ROE R. Cross Distinguished Professor

  • DeWayne A. Backhus
  • DeWayne A. Backhus

  • 1981 - DeWayne A. Backhus

  • Dr. DeWayne Backhus can look back at a severe drought, the Soviet Union, a book chapter written by M. King Hubbert, and the nature of science in a social context as the foundation of his career teaching in the Emporia State University Department of Physical Sciences.

    A native Kansan with roots in the rural area southeast of Abilene, Backhus grew up with a mother and father who had few educational opportunities. His father would always tell a rather humorous story about his sixth-grade education in a German-language-based parochial school. But he had the utmost respect for what education could do to help his children.

    “Also, a severe drought in the period from 1952 through 1956 provided ample evidence that the rural heritage as a way of life was not tenable for my one sibling and me,” said Backhus. “Thus, my lot in life would be shaped by additional formal education.”

    Backhus recalled a second event of significant influence as being what he described as a “superordinate event in the lexicon of social anthropologist Urie Bronfenbrenner.”

    It was the Soviet Union’s launch of Sputnik, the first satellite to orbit Earth, in 1957.

    “This shaped the specific nature of my subsequent education throughout high school, the choice of an undergraduate major, and ultimately decisions as a graduate student and for a career choice.”

    The so-called post-Sputnik fallout led America to energize its space program and its expectations for mathematics and science education in order to catch up.

    Another life influence was encouragement from chair of the ESU Mathematics Department, Dr. Marion Emerson, who strongly suggested Backhus, who obtained his bachelor’s from Emporia State in 1966, apply for a fellowship to a premier university. That led him to receive a prize fellowship funded by the National Science Foundation and Harvard University for his master’s degree. He later earned his Ph.D. from the University of Kansas.

    Then a book Resources and Man published in 1969 by the National Academy of Sciences, specifically a chapter titled Energy Resources, written by M. King Hubbert, became another major force in molding the young Backhus.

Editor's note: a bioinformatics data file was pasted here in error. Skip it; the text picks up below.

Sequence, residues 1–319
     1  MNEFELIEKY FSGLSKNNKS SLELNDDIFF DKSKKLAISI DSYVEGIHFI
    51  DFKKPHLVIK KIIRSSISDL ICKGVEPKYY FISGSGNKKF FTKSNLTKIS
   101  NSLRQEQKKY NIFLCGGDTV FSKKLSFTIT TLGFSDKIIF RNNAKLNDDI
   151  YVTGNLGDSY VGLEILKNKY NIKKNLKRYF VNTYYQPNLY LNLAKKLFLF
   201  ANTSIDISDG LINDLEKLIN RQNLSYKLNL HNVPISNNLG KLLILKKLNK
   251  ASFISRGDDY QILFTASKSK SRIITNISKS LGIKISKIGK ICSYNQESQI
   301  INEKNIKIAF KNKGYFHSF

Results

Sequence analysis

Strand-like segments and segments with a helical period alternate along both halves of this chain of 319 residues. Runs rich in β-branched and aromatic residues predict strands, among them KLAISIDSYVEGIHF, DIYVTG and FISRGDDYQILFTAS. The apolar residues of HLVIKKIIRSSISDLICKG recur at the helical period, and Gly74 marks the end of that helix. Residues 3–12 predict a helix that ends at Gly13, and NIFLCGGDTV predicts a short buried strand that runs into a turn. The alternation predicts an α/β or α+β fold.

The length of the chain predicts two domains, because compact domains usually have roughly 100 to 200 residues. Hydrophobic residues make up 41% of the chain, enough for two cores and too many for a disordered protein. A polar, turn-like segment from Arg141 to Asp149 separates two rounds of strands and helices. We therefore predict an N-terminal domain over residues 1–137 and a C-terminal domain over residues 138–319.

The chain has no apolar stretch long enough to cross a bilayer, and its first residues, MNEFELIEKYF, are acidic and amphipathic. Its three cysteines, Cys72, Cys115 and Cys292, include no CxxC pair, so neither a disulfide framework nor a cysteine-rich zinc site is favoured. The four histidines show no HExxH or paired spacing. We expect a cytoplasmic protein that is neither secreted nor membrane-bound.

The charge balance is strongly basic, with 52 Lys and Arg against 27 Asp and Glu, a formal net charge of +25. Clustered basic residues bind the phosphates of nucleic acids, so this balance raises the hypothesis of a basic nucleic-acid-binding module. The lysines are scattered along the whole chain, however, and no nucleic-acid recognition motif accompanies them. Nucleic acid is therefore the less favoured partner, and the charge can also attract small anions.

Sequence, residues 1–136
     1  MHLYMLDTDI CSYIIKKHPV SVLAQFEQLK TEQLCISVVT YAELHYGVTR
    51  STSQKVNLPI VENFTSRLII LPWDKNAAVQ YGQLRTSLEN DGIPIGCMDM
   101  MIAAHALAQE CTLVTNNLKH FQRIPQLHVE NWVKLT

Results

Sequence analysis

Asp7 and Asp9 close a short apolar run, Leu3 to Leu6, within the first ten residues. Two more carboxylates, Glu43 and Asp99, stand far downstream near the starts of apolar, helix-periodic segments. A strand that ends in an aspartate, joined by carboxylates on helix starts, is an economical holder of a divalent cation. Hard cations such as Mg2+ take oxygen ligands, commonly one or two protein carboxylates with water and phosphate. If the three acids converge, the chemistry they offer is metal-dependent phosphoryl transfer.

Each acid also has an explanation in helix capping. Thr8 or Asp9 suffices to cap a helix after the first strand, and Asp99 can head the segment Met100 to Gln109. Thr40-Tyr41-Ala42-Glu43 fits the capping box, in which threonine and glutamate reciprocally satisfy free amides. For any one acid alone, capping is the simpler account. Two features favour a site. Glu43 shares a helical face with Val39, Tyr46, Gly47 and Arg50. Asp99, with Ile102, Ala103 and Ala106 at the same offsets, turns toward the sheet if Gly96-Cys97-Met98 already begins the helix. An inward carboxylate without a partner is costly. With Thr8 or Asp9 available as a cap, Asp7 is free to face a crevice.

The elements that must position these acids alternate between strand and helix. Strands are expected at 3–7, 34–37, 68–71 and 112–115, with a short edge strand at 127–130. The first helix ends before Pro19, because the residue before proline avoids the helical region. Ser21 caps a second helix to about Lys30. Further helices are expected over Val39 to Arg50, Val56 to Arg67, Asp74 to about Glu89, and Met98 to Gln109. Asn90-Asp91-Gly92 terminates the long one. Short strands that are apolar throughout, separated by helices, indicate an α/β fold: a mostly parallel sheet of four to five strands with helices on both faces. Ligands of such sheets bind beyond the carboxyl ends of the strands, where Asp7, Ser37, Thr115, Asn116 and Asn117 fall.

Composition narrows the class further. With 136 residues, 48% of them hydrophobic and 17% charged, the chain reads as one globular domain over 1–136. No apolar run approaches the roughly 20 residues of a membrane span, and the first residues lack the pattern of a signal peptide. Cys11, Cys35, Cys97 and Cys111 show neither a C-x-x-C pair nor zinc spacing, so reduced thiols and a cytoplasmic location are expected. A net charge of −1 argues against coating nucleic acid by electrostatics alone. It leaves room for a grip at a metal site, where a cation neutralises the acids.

“[It] logically and persuasively developed a long-range scenario concerning the production and consumption of finite energy resources, i.e., our dependence on fossil fuels,” explained Backhus. “Then the first Middle East oil embargo occurred in early 1973; this provided further impetus for scholarly activity directed to sustainable energy development and management strategies. Issues related to developing and managing conventional and alternative energy sources occupied in varying degrees teaching, scholarly, and service involvements.”

    It is a field the now-retired Backhus continues to consult in.

    To complete the concert that became his life as an educator, was what he called the “nature of science,” and what we think of as the “scientific enterprise” within a social context.

    “I found a great deal of satisfaction, and positive feedback, from classes with students at the introductory level — both majors, but especially the general education student,” said Backhus. “Although not a primary course objective, I found that I could ‘hook’ some of the science anxious and adverse toward greater levels of interest and achievement than they might have anticipated.”

    Backhus recalled how “numerous even embarked on a major and career path in the sciences and/or technical fields. These interactions with students at the introductory level caused conscious thinking about the “nature of science” and the “enterprise” meaningful to students. I was not interested in just telling students, but helping them to understand in a logical fashion how we have developed conceptual insights.

    “Often termed epistemology, this can be stated in another way: what is the nature of an evidence-based versus a belief system way of knowing?”

    Backhus said his thoughts to a certain extent can be attributed to the influence of Carl Sagan, with whom I had lectures as a masters-level graduate student. This was further reinforced in the early 1980s with Sagan’s role in the Cosmos television series.

    Backhus said, “The fundamental ‘takeaway’ is that apparently I have made a difference in the lives of students with whom I have interacted, particularly in the classroom, but also as an advisor or mentor beyond the classroom.”

    He advocates a “tough love approach to the present, but with optimism for students to develop the necessary career and life skills to cope with future challenges and thus enable a more fulfilling future, collectively and individually.”

    And he is a proponent of following personal interests rather than chasing a career as the objective. Although he added that “a career can be inevitable if one nurtures talents and interests.”

    Which begs the question: What does Backhus do when he is not engaged in his beloved fields of education and science?

    He returns to his farm roots and enjoys his huge collection of toy tractors and other items of related memorabilia.

    “It’s therapy for me,” said Backhus, who has more than 3,000 toy tractors in his basement museum, in a 2001 interview with the Emporia Gazette. “It keeps me going. It makes me happy.”